President Trump has assembled a group to formulate the most marvelous peace proposal which they will craft such that Mahmoud Abbas will feel comfortable taking it demanding two or three adjustments and Israel will be informed that their military is so dependent on American provisions that they can simply sit down, shut up and take their medicine because the object is to allow Trump to accomplish what no one before him had been able to do, and if Israel must suffer some inconvenience, well it is about time and this time they will simply bite the bullet and take whatever is coming. A senior White House adviser said Trump’s Mideast peace plan would attempt to tackle hot-button issues such as the status of Jerusalem and West Bank settlements.
The team includes Jason Greenblatt, son-in-law and chief Middle East adviser Jared Kushner, Deputy National Security…
View original post 1,787 more words
October 1. The Network Enforcement Act (Netzwerkdurchsetzungsgesetz, NetzDG) — also known as the Facebook law — entered into force. The measure requires social media platforms with more than two million users to remove “blatantly illegal” hate speech within 24 hours, and less obviously illegal content within seven days, or face fines of up to €50 million ($58 million). Critics argue that the definition of hate speech is ambiguous and subjective and that the new law is a threat to online free speech. The German government plans to apply the law more widely — including to content on social media networks of any size, according to Der Spiegel.
October 2. Germany’s partial ban on face coverings “must be expanded” to include a full ban on the burqa in public, said Andreas Scheuer, the secretary general of the Christian Social Union (CSU), the Bavarian sister party to Chancellor Angela Merkel’s Christian Democrats (CDU). “A ban is possible and necessary,” he said a day after a burqa ban went into effect in neighboring Austria. “We will not give up our identity, we are ready to fight for it, the burqa does not belong to Germany,” he said. The deputy chairman of the CDU/CSU parliamentary group, Stephan Harbarth, said that the partial ban “goes to the limit” of what is constitutionally possible: “I fear that a more far-reaching ban would not be compatible with the Basic Law.”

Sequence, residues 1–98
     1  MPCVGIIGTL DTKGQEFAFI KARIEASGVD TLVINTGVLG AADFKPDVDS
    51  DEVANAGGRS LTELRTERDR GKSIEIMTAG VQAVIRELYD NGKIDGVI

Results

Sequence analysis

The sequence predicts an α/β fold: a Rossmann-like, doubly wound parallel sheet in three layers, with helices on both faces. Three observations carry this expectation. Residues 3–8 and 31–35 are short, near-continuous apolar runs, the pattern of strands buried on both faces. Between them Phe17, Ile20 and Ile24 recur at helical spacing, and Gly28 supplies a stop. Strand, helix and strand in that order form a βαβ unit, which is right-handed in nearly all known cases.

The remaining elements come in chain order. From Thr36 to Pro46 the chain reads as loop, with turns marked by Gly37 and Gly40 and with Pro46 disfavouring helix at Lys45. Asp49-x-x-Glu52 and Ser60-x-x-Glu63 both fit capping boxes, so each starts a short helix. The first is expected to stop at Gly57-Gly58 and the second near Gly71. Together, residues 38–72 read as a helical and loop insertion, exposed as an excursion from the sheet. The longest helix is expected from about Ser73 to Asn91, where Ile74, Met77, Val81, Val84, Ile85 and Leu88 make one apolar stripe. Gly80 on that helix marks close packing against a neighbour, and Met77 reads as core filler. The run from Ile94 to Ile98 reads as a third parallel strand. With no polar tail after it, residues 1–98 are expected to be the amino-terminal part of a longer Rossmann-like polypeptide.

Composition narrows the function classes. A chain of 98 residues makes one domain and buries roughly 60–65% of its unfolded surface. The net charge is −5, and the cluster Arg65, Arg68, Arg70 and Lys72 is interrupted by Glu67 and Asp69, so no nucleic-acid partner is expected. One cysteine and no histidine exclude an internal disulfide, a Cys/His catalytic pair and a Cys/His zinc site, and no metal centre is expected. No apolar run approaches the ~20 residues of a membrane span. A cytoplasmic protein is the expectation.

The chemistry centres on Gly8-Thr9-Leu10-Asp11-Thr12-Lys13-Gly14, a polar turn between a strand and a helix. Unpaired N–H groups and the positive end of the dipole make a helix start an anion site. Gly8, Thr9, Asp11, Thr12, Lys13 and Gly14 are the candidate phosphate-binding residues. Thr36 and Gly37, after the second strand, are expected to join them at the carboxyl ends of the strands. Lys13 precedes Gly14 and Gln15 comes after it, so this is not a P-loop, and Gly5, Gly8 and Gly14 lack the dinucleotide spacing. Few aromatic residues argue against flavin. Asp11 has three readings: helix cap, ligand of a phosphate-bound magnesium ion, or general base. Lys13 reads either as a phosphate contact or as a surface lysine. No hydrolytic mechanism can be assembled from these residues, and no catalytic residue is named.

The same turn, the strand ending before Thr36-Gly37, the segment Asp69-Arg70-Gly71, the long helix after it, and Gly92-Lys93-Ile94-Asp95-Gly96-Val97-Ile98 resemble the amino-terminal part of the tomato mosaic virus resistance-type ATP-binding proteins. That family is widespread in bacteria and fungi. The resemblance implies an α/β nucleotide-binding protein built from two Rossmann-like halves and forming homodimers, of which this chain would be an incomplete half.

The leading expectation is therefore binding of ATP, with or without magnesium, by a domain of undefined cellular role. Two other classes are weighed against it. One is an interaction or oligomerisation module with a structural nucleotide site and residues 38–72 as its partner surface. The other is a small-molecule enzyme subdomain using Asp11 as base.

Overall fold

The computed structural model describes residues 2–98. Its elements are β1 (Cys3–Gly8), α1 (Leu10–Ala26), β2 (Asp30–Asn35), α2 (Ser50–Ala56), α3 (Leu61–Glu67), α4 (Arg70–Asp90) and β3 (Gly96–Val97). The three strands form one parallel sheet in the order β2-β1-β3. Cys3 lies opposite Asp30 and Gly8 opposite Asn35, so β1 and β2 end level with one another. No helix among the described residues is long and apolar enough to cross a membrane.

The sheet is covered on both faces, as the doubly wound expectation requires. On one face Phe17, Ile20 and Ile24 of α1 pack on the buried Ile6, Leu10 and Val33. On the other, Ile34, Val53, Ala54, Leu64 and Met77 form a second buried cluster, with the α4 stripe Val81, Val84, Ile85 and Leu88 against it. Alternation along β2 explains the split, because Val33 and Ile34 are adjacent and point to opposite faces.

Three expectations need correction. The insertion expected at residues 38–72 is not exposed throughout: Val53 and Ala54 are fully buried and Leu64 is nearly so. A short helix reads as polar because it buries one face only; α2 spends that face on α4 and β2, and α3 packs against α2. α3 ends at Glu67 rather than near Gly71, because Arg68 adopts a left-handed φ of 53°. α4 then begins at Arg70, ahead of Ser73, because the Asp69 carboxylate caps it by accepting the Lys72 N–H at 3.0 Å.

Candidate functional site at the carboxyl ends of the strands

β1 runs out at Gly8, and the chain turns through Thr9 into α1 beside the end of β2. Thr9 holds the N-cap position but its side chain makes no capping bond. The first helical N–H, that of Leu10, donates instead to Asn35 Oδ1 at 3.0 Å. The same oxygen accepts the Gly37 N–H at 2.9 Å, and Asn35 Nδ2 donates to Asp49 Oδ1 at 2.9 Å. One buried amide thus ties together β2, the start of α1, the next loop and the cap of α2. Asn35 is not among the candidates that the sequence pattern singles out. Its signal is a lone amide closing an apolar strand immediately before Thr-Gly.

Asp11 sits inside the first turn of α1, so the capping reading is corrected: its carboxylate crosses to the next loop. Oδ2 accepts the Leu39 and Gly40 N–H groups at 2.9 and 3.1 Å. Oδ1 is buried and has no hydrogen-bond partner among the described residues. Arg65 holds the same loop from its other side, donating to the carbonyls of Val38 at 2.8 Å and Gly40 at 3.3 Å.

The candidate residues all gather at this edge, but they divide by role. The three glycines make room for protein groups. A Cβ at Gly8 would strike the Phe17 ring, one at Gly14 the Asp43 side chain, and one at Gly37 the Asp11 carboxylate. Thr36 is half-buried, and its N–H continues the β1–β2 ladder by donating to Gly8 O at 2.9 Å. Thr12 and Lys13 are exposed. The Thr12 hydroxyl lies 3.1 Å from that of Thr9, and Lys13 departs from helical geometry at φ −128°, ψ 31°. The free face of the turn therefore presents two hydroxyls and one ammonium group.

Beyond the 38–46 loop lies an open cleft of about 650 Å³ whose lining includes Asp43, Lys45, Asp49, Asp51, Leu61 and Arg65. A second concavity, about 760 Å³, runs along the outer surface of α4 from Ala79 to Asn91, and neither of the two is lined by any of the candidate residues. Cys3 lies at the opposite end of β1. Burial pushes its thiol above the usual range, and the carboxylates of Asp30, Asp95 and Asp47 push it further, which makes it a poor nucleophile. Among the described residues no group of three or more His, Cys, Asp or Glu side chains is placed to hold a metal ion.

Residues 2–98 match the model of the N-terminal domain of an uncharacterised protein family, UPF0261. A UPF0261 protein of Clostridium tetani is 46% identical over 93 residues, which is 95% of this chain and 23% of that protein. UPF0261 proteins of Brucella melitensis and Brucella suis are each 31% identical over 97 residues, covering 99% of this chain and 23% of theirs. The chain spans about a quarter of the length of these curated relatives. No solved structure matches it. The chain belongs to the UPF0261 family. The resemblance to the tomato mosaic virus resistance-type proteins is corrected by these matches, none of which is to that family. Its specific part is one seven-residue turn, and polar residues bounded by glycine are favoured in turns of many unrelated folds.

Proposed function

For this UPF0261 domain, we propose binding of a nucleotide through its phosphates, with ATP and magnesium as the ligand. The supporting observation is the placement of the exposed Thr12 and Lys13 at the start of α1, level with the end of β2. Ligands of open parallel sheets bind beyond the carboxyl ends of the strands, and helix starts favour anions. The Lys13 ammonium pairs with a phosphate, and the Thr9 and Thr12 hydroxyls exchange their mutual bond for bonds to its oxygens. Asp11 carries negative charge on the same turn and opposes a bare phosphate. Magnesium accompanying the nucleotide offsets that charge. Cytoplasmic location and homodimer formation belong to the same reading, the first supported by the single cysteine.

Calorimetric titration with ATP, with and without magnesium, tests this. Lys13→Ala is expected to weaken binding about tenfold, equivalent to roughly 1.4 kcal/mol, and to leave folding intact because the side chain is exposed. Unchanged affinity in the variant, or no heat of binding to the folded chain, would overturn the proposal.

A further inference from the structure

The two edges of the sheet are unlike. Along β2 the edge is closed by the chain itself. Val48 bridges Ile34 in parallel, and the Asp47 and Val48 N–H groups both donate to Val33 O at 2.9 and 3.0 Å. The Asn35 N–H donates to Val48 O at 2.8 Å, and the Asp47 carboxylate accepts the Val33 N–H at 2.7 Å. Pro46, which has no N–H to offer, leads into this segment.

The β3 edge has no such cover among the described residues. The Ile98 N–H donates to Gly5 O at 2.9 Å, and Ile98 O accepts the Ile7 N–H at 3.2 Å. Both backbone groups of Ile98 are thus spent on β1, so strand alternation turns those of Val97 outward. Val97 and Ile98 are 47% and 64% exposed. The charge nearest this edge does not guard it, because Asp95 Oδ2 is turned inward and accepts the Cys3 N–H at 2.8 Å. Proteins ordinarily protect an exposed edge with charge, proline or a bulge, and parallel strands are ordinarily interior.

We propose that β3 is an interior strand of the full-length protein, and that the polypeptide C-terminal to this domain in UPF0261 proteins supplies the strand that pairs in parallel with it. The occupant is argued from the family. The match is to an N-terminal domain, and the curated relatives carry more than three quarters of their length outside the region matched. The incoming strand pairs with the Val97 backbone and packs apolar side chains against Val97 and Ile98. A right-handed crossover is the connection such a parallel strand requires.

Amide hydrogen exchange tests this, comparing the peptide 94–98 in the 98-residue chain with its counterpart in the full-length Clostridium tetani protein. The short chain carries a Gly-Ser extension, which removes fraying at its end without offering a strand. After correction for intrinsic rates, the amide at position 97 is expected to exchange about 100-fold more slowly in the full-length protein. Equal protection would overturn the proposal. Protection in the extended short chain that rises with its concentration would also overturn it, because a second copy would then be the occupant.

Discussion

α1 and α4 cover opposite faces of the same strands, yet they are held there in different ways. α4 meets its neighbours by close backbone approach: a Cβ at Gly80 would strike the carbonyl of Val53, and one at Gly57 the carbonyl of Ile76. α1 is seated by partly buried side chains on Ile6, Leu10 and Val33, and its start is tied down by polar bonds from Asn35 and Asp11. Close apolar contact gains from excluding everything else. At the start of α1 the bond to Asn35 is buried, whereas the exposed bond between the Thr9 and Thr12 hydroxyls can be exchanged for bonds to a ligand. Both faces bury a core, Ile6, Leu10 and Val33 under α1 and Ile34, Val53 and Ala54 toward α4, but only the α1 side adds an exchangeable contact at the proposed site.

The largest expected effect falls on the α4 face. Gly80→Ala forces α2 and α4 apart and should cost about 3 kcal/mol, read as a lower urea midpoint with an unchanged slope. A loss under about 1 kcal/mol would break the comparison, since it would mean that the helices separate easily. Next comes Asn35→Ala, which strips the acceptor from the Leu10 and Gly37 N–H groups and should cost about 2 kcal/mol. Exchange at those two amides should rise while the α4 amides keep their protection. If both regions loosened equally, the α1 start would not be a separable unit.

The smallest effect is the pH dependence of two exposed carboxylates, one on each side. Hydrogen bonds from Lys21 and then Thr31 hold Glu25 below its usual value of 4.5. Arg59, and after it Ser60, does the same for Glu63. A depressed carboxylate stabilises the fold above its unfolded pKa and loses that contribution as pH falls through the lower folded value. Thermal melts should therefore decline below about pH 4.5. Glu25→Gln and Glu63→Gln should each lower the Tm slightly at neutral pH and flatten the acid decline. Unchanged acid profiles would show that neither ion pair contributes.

October 3. Beatrix von Storch, the deputy leader of the anti-immigration party, Alternative for Germany (AfD), said that political Islam has no place in Germany. “Islam does not belong to Germany,” she told the BBC. “We are in favor of religious freedom of course, but Islam is claiming political power, and this is what we oppose.”
On October 31, Sayfullo Saipov, a Muslim immigrant from Uzbekistan, shouted, “Allahu Akbar!” (“Allah is the greatest!”) as he rammed his rented truck into 20 people in downtown Manhattan, killing eight and wounding twelve more. The truck-ramming attack, a terrorist tactic popularized by jihadists in Israel, then Europe, was the deadliest terror attack in New York since September 11, 2001. The response to Saipov’s attack from New York City officials, as well as the US media, displays the extent to which officials have submitted to Islamic terrorism since then, and how unquestioningly the mainstream media backs this capitulation. Americans should be extremely worried.
NY Deputy Police Commissioner John Miller said after the attack:
“This is not about Islam, this is not about the mosque he attends, there are hundreds of thousands of law abiding Muslims in New York City, who are adversely affected by things like this. It is probably a good time to say that we have seen in the aftermath of incidents like these, bias incidents, hate crimes, assaults… and anybody behind those will be prosecuted to the fullest extent of the law”.
In fact, this attack had everything to do with Islam. Saipov was a devout Muslim, who left a note at the site of the attack making clear that he had committed the atrocity on behalf of ISIS, an organization that is, as studies have shown, nothing if not Islamic. The mosque Saipov allegedly attended had actually been under surveillance since 2005; and mosques are among the most popular places for Muslim outreach, dawa. Although the internet also plays a role in the radicalization process, a recent study showed that face-to-face encounters are even more important.